“It seemed obvious to record a 7-inch for tour, although many adult men will try to take credit for the idea,” explained Bridgers in a previous press release. “When we got together, we had way more songs than we expected and worked so well together, that we decided to make a full EP.”

Dacus added: “A long time ago, before I even met Phoebe, Julien mentioned that she had a pipe dream of starting a band with both of us. Then we booked this tour and decided the time was right.”

Baker agreed that it was also down to good timing. “When we met, Lucy and Phoebe and I were in similar places in our lives and our musical endeavors, but also had similar attitudes toward music that engendered an immediate affinity,” Baker said in the previous press release. “Lucy and Phoebe are incredibly gifted performers, and I am a fan of their art outside of being their friends, but they are also both very wise, discerning and kind people whom I look up to in character as much as in talent.”

Of recording the EP, Baker added: “Everyone seemed both confident enough to present ideas and fight for their individual vision, but considerate and humble enough to make decisions which ultimately served the song. It was a process that required a balance of determination and forthrightness with graciousness and pliability, and I think that we all did a good job of enacting that.”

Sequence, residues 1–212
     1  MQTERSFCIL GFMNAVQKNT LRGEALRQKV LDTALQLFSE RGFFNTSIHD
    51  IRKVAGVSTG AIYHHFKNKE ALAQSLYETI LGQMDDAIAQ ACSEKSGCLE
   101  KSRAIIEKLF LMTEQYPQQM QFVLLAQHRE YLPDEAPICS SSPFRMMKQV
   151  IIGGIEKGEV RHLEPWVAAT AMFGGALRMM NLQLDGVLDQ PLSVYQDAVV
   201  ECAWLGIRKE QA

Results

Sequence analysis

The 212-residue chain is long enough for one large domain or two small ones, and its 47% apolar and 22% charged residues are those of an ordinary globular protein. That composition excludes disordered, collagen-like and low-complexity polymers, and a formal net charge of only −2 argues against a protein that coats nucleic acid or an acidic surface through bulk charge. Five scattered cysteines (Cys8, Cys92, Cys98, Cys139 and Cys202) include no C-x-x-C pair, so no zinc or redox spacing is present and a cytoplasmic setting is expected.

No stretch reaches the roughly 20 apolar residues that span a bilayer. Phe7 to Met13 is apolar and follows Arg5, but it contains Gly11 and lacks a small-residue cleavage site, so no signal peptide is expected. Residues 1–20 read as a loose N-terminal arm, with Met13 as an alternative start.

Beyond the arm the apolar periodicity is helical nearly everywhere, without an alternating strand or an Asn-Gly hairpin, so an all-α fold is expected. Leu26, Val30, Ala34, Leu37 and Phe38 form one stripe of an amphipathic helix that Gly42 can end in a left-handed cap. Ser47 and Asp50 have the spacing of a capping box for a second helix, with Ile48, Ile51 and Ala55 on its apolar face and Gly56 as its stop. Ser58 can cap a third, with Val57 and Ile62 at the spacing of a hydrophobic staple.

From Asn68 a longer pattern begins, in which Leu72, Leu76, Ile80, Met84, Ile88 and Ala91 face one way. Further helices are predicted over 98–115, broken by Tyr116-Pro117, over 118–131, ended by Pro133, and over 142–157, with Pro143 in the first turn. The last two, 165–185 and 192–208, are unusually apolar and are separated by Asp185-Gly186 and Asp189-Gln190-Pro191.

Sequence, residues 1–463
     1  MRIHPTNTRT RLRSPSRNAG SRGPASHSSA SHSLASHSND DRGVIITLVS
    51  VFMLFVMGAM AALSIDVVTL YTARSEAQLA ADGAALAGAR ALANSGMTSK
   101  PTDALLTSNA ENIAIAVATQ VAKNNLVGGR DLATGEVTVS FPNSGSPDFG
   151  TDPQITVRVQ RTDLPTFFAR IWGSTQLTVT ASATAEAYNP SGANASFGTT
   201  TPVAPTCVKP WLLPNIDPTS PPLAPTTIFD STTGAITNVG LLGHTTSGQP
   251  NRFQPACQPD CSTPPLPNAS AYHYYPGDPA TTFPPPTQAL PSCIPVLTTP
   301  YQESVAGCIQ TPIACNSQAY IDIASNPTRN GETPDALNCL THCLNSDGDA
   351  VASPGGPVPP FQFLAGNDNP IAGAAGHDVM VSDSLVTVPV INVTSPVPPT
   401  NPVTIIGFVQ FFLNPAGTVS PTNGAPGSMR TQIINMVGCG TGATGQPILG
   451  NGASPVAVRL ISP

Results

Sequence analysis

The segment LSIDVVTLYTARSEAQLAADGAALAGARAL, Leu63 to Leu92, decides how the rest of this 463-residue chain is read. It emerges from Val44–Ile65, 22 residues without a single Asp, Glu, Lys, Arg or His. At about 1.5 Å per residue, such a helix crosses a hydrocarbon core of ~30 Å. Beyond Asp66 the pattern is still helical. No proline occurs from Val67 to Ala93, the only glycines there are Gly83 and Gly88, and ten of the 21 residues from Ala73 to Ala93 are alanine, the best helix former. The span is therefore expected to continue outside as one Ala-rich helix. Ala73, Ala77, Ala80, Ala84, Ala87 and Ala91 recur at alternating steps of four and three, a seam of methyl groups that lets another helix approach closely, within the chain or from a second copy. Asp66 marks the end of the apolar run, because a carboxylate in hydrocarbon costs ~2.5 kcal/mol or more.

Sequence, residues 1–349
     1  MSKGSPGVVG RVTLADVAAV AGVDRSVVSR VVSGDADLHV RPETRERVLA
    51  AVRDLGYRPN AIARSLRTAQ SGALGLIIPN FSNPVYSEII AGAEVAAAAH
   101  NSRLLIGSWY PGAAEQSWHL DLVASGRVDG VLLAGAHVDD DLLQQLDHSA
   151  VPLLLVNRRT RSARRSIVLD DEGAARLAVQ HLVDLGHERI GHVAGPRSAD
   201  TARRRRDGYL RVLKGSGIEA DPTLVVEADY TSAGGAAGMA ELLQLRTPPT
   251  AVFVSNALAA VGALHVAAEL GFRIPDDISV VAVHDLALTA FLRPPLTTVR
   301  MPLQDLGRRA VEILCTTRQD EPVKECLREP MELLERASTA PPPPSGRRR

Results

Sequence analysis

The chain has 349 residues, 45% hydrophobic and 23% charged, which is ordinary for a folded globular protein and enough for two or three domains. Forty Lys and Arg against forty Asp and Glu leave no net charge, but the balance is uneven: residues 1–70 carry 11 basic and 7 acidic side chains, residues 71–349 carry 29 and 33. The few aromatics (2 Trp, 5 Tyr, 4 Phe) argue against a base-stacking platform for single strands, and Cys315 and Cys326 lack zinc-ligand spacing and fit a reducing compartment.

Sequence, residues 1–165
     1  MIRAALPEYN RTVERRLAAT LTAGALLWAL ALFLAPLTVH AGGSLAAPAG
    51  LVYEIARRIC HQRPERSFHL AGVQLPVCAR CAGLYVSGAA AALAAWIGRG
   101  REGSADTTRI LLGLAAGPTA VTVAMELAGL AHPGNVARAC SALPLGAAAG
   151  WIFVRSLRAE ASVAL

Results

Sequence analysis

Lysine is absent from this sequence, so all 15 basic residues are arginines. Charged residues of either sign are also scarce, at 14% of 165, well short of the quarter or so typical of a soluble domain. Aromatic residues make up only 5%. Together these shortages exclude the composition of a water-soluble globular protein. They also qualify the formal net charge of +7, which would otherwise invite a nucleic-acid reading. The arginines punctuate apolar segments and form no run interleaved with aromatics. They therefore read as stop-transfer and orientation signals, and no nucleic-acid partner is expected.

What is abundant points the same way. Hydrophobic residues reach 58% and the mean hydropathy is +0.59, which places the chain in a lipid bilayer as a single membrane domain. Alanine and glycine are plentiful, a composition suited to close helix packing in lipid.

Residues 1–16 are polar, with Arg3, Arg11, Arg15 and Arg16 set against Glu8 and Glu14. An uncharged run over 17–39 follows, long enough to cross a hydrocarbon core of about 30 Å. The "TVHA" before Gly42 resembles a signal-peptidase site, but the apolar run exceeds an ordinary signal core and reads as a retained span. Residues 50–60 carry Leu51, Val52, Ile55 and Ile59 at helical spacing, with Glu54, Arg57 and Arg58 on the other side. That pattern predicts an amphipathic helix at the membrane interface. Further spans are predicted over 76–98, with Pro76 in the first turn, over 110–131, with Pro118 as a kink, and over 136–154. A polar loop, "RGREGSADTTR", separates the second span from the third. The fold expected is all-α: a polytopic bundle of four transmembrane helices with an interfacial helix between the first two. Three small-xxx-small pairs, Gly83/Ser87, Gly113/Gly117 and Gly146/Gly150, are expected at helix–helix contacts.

7. Westerman: “Outside Sublime”

Will Westerman, who releases music simply under his last name, has already garnered attention for a series of singles and his 2017-released Call and Response EP. The West London musician is releasing a new 4-song EP, Ark, on November 9 via Blue Flowers. Previously its first single, “Albatross,” was one of our Songs of the Week. This week he shared another song from the EP, “Outside Sublime.”

Westerman had this to say about the song in a press release: “I wanted to write a note to a struggling friend. I hoped it would be an arm on the shoulder for anyone finding things difficult. I wanted to be really direct with this, and for it to feel joyful and powerful in an unobtrusive sort of way.”

8. Beirut: “Gallipoli” (Plus “Corfu”)

On Monday Beirut (aka Zach Condon and his band) announced a new album, Gallipoli, and shared its title track, “Gallipoli.” Gallipoli is due out February 1 via 4AD. Then today he also shared another song from the album, the appealing and brief instrumental track “Corfu.” It is probably a track that makes the most sense in the context of the album, but it still makes for a pleasing standalone listen. Corfu is also the name of Greek island, by the way. “Gallipoli” officially makes the list, with “Corfu” more of an honorable mention.